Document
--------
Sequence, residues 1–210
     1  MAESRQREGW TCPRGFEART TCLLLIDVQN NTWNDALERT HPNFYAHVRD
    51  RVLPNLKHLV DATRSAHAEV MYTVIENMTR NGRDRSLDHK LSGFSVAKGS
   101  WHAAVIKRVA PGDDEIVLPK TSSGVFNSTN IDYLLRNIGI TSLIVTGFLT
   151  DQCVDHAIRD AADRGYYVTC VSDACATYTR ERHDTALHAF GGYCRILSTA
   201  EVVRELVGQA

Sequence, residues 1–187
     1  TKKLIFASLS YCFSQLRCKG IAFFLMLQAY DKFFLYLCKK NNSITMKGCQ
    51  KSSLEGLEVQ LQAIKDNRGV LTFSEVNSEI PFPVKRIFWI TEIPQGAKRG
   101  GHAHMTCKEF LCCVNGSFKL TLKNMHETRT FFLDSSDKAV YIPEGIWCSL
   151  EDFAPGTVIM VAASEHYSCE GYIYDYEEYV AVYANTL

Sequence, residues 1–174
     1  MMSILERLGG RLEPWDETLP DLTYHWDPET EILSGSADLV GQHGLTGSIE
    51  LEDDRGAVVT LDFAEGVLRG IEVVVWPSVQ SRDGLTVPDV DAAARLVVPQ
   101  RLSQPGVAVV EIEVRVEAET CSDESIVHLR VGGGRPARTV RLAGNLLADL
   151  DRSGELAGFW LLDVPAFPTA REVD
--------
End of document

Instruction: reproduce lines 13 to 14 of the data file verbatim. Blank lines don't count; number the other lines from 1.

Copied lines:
     1  MMSILERLGG RLEPWDETLP DLTYHWDPET EILSGSADLV GQHGLTGSIE
    51  LEDDRGAVVT LDFAEGVLRG IEVVVWPSVQ SRDGLTVPDV DAAARLVVPQ